Mike's Bikes Africa Project - An Interview with Ken Martin, CEO

The bicycle is the most ecologically and fiscally sustainable vehicle ever invented, and it can provide freedom, mobility and positive change in the lives of people who need it most. Because of this belief, we created The Mike’s Bikes Foundation which undertakes projects that are helping to put bicycles directly into the hands of people in developing Africa.

Founded in 2008, these projects have grown beyond what was originally imagined to create the most sustainable model currently possible. Ken Martin, CEO, tells the story of these projects and how they have evolved throughout the years.



Ken, Mike's Bikes CEO, with Mike & Debbe, Bicycle Warehouse Owners, visiting Tumi's Bicycle Shop, one of Mike's Bikes Sister Shops, in Lesotho during their recent trip delivering bikes.

Describe what the Africa Projects are all about.

We wanted a way for us to do a bike donation program that was cost effective and sustainable. Many of the bike donation programs give their bikes away for free, but for us it was key to create a sustainable program that lived past our donations and truly taught the value of the bike.

We went through a few iterations of the projects to land where we are now, with four main distribution centers in Kenya, Botswana, Zimbabwe, and Lesotho. Instead of handing out the bikes for free, our distribution partners in Africa sell them for the cost of shipping and import duty to local shops and business people who then sell the bikes to their communities at affordable prices, using the capital to keep their shops running, hire local workers, and promote cycling. This helps with the long-term value and impact of the bicycles.



Teaching mechanics all around South Africa valuable skills in bicycle mechanics helps keep the projects going beyond our initial donations.

Tell us more about the local shops you sell to and how they help benefit the community.

When we began the program, we were helping to set up “Sister Shops” that would keep the bikes running after they were delivered to Africa. We quickly noticed that this was key in keeping the program sustainable. We were setting them up to function beyond our initial donations. They were using the tools we gave them to operate their own small business which then helped them provide for their family and give back to the community.

We decided to broaden our model and distribute to more shops and business people who could spread the value of the bike across Africa. We support them in developing their own individual business models in order to best service the area in which they live.

For example, in Maseru, Lesotho they built a pump track and rent their bikes out to kids who want to ride. If a kid can’t afford to rent a bike, they can earn free rentals by working in the community garden, which then provides fresh produce for people in the area.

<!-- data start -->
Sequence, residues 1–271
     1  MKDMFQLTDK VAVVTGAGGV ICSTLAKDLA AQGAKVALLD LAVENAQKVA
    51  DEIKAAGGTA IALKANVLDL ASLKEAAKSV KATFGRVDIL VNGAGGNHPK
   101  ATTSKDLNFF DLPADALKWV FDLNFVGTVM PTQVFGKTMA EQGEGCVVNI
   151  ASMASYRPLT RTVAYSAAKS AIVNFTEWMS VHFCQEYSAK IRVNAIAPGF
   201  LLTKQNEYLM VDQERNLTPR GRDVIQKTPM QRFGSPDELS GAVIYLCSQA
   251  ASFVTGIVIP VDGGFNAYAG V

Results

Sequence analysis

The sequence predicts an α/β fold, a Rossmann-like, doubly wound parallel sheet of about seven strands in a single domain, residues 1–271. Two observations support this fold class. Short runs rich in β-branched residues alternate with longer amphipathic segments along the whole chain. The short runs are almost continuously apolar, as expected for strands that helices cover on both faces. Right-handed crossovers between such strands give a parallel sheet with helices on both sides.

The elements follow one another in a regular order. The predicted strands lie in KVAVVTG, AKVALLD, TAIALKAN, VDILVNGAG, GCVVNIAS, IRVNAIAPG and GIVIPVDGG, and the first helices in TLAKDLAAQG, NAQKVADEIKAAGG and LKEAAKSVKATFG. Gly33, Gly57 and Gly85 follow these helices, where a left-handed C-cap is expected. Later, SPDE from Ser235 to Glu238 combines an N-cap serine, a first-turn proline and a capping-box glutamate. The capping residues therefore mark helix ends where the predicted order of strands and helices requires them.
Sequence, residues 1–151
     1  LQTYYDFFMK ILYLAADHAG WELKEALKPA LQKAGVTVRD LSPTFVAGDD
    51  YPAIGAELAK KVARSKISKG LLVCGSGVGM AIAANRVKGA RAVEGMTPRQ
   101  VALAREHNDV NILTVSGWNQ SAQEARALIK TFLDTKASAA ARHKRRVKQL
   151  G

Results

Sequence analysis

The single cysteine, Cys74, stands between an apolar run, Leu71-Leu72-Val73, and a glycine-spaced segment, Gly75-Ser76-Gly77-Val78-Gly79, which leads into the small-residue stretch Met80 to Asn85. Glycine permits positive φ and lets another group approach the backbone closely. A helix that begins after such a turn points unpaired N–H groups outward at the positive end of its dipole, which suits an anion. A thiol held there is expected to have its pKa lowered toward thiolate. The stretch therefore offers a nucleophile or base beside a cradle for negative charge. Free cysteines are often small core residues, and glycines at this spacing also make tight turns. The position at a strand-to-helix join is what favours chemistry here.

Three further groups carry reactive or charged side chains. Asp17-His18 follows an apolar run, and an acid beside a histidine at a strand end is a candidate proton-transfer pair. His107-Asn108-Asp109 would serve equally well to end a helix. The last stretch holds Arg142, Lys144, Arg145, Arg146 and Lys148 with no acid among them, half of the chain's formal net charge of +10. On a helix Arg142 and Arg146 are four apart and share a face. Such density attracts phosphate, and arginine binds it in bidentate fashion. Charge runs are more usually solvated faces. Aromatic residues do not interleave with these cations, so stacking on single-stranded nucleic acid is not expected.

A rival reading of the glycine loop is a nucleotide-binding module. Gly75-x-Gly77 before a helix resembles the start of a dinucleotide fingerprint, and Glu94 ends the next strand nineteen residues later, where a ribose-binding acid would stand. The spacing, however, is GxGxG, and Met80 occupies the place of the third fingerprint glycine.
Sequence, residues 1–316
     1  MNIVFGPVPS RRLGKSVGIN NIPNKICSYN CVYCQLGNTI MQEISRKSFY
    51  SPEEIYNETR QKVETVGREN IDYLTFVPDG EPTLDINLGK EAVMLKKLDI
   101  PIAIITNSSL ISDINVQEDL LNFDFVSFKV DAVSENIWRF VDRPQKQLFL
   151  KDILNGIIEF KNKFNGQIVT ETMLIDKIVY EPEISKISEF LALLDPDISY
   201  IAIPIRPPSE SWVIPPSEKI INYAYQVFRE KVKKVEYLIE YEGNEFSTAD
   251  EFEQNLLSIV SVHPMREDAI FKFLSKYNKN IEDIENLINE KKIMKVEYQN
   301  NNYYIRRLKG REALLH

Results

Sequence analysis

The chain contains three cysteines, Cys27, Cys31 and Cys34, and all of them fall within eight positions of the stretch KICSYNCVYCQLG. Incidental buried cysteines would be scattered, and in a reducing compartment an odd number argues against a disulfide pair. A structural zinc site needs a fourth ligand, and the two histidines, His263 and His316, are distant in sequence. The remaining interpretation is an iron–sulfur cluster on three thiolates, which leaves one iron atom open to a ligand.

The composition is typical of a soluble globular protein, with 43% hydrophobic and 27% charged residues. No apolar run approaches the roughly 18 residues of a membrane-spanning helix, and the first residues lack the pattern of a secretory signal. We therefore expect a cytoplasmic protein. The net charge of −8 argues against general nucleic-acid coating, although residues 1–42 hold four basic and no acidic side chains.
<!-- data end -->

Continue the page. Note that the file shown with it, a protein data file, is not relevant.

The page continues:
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Kids keep busy at the pump track in Roma, set up by the local Mike's Bikes Sister Shop.

Another example is a woman named Aggie, who doesn’t run a shop but acts as an independent businesswoman who specializes in soft goods. Her bike is her only mode of transportation, and she uses it every day, rain or shine, to navigate her huge network of suppliers and customers. We are the main source where she is able to get her supplies.

Can you highlight a personal story from one of your visits?

There are so many. The best are stories of us witnessing the passion the African people have for bikes.

The Lesotho Sky is a hardcore mountain bike stage race in Lesotho that top riders from over 21 countries come to compete in. Years ago, a 15-year-old named Mekke showed up with an old, beat-to-hell hybrid bike with bald tires, and wanted to ride. Although he couldn’t pay the entrance fee, ride organizers Christian and Darol let him ride because of the sheer devotion he showed for the sport. He didn’t win, but he didn’t come in last either. He became friends with Christian and Darol, our distribution partner outside Maseru, and they were so impressed by his enthusiasm, he’s now working at the new bike shop there. Even without supplies, Mekke wanted to ride. Now with our program, he gets to work every day doing what he loves, spreading his passion for bikes.

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Boitshepo Lesele racing in Botswana in apparel donated through Adam Austin's donation program in Los Angeles.

How can people get involved?

Donate your old bike and gear!

In Northern California, you can bring used bikes to any of our twelve Mike’s Bikes locations.

We also have collection partners in Southern California. You can bring your used bikes to any Bicycle Warehouse or bring your used apparel and gear to one of Kit Up Africa’s drop off points, run by Adam Austin.

Full sustainability is the goal, but until we get there, the projects cost money to operate. You can support our efforts financially by donating online.